Author(s): Flynn JT
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Abstract Publication of the Fourth Report on high blood pressure (BP) in children and adolescents by the National High BP Education Program (NHBPEP) in 2004 has been followed by a remarkable increase in interest in pediatric hypertension. New data have emerged on the epidemiology of hypertension in the young, the influence of the childhood obesity epidemic on BP, how ambulatory BP monitoring (ABPM) can be used in evaluating elevated BP and the extent of hypertensive target-organ damage in the pediatric age group. Exciting new information on drug treatment of pediatric hypertension has been produced by industry-sponsored clinical trials of antihypertensive medications spurred by the FDA Modernization Act (FDAMA) and successor legislation. Despite these trends, recognition of elevated BP in children and adolescents by primary care providers remains problematic. This article will highlight these and other aspects of pediatric hypertension, hopefully providing a snapshot of where we are in early 2008, and pointing out areas where further work is needed in order to reduce the future burden of adult cardiovascular disease.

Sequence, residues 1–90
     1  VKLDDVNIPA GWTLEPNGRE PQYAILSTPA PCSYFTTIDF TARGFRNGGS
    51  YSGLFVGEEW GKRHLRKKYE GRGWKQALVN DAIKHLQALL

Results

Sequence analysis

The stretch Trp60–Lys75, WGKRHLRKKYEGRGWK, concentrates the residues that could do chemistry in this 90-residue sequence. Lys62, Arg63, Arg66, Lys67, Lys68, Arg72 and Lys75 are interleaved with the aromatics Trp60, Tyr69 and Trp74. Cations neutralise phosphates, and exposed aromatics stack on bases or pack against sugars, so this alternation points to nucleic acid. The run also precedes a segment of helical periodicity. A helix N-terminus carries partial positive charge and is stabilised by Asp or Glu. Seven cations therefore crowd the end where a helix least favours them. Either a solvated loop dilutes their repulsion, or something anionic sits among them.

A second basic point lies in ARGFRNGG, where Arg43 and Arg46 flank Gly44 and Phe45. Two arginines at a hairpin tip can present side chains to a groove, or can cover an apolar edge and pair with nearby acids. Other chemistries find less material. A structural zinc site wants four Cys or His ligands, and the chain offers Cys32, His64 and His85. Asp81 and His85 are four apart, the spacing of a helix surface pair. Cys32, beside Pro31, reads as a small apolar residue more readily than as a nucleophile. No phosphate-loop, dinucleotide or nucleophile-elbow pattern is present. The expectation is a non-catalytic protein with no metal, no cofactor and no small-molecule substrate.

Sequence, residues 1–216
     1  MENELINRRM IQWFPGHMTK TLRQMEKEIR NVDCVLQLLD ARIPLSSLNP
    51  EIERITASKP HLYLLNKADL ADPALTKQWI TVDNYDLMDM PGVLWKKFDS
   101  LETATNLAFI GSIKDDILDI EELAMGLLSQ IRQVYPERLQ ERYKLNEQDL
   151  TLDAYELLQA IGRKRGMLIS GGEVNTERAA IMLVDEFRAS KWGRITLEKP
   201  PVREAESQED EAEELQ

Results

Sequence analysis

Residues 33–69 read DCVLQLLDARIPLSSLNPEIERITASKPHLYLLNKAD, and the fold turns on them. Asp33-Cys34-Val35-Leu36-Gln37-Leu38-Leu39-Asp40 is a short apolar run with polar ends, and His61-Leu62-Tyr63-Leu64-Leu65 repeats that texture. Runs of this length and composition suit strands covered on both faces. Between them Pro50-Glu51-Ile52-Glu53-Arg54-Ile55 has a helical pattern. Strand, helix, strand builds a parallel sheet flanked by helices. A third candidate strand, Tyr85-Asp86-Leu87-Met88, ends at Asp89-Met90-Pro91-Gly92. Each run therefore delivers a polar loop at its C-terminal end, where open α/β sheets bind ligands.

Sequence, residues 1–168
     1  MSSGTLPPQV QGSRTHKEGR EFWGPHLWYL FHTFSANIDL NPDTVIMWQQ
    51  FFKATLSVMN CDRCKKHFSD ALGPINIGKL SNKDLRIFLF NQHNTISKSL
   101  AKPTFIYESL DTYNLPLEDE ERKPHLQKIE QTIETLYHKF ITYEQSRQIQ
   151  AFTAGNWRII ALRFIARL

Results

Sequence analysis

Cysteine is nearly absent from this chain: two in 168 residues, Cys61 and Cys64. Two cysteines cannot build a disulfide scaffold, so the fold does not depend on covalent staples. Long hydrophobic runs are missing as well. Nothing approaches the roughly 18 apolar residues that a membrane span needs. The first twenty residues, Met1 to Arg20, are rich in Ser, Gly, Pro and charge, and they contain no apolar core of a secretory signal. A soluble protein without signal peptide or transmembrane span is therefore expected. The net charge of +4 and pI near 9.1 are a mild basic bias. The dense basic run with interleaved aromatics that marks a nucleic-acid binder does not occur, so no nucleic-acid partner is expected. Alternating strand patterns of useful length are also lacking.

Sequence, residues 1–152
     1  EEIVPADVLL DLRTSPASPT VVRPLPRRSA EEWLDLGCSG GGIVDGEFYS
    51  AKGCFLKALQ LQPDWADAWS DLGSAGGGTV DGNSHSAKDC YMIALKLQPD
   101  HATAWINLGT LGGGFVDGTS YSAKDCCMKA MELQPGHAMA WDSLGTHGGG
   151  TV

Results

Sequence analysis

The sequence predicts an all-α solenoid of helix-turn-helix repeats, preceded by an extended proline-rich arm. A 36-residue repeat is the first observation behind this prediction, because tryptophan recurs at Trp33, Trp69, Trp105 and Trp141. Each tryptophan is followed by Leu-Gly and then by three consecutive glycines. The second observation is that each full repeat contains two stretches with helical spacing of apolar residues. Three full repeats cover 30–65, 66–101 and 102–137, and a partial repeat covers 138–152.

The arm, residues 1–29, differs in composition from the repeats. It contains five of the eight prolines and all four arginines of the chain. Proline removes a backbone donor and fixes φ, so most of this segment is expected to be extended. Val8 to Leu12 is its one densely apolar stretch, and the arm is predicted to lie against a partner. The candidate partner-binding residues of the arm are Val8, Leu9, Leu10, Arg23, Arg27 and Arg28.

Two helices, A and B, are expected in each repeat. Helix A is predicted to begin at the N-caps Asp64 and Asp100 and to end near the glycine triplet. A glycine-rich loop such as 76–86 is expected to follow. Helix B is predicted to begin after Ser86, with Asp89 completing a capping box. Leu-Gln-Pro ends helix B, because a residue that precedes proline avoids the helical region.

This article was published in Am J Hypertens
and referenced in Translational Medicine